Posts Tagged ‘history’

Day 1 of Democracy

Democracy is a word that’s extremely hard to define. For instance, we say France is a great democracy, yet it’s a centralist state. It has no legislative power at the departmental, town, commune or territorial levels. Furthermore, the great majority of representatives in the unique people’s assembly are elected civil servants who answer naturally to their boss, that is the Head of State, the President. Executive power is wielded by the President and the Prefects, and it flows down to the mayors. If the whole world thinks that France is a great democracy, we can only wonder what democracy is.

Again knowing and understanding isn’t one and the same thing. When we visit France’s fabulous monuments and enjoy its great food, we’re not inclined to question its politics in the same way we don’t question the role of the White House when in Washington. The US Presidency with its hoards of non-elected powerful civil servants who run the army, the federal police and everything else with a daunting iron hand is also very centralist. Thanks in part to his veto power, the President has more power than any Absolute King of Divine Right ever had. The Presidency may change names every four years, but it remains fundamentally dictatorial in nature.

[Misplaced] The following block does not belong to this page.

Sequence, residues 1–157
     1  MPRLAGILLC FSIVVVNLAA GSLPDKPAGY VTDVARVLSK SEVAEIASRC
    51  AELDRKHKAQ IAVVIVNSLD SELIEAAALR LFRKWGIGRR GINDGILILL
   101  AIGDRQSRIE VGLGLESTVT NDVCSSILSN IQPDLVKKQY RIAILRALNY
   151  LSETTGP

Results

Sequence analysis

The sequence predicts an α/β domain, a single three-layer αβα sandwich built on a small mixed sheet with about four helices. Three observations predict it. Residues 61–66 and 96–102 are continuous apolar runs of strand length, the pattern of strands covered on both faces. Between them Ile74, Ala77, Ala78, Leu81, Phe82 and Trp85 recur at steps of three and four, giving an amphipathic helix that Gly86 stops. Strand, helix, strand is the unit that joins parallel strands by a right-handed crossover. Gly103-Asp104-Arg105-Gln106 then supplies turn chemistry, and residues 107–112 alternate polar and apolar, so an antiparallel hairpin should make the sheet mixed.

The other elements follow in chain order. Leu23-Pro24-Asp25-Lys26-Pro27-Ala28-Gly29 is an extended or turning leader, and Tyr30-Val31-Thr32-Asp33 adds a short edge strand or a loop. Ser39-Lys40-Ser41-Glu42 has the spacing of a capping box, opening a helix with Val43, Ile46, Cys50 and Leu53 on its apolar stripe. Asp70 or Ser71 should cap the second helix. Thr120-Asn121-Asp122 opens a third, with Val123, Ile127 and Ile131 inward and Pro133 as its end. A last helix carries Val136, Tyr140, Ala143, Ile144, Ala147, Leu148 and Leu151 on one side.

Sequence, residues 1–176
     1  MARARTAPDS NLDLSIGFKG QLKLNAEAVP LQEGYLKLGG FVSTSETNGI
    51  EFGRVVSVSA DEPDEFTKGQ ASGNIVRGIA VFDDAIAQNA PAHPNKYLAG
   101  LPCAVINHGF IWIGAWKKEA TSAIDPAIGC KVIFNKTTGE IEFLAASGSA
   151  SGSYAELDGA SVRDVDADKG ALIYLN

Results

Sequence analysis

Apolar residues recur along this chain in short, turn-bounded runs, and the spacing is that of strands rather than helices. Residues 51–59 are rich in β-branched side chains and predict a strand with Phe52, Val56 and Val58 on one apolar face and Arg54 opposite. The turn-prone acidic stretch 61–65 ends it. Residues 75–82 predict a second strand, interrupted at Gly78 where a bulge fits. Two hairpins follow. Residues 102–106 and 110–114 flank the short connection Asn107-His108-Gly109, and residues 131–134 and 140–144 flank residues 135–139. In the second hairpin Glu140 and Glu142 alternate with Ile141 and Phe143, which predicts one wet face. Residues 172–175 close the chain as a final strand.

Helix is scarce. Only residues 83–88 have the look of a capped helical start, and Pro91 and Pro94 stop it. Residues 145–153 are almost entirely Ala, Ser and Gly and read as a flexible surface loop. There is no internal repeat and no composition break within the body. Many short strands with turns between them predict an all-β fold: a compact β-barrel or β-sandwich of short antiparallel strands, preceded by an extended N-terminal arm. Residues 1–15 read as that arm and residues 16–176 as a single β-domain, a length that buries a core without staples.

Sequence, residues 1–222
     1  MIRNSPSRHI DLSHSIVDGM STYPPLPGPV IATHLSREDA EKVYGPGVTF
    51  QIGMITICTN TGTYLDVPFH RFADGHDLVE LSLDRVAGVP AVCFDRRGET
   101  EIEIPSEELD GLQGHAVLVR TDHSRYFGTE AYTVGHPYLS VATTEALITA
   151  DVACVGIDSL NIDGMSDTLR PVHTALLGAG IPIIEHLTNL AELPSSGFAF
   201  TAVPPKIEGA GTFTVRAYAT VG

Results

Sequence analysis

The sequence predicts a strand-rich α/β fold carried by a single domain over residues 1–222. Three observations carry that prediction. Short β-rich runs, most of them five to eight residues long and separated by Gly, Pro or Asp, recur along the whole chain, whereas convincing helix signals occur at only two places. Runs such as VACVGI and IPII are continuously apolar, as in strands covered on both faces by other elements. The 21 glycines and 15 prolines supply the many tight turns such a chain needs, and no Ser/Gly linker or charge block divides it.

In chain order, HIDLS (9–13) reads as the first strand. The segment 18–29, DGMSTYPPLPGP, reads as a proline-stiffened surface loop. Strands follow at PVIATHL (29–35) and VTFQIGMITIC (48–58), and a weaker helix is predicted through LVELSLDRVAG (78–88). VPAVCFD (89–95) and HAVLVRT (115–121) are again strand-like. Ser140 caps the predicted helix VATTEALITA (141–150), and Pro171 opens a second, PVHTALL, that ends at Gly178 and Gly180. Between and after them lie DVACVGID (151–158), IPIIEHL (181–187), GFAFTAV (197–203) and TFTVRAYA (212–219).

It’s all very confusing, and only if we understand what happened during the Glorious Revolution in England, does it become clear. If the bankers went to all that trouble in 1688, it wasn’t because they wanted to grant real power to the people, but rather to manipulate that power. They were betting on a human foible whereby the people’s representatives would want to do things before the taxes were collected. Of course, they were right on the money. The Bank of England created in 1694 was their bank, and since it was the only game in town, they decided what was to be funded. They thus directly controlled the monetary system and indirectly controlled all important decision-making. Financing political campaigns and getting the right brand of representatives to run the country and collect taxes has always been considered democratic, and it gave us this wonderful world that we fail to understand.

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